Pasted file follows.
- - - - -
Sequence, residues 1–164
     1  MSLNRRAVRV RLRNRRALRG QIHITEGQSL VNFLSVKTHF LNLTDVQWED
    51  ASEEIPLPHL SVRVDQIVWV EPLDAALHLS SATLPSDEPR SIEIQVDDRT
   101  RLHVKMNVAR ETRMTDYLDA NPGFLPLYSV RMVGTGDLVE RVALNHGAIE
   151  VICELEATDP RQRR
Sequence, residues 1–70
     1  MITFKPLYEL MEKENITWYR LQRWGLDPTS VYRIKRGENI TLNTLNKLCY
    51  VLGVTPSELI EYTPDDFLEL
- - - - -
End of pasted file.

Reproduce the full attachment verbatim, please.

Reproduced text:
Sequence, residues 1–164
     1  MSLNRRAVRV RLRNRRALRG QIHITEGQSL VNFLSVKTHF LNLTDVQWED
    51  ASEEIPLPHL SVRVDQIVWV EPLDAALHLS SATLPSDEPR SIEIQVDDRT
   101  RLHVKMNVAR ETRMTDYLDA NPGFLPLYSV RMVGTGDLVE RVALNHGAIE
   151  VICELEATDP RQRR
Sequence, residues 1–70
     1  MITFKPLYEL MEKENITWYR LQRWGLDPTS VYRIKRGENI TLNTLNKLCY
    51  VLGVTPSELI EYTPDDFLEL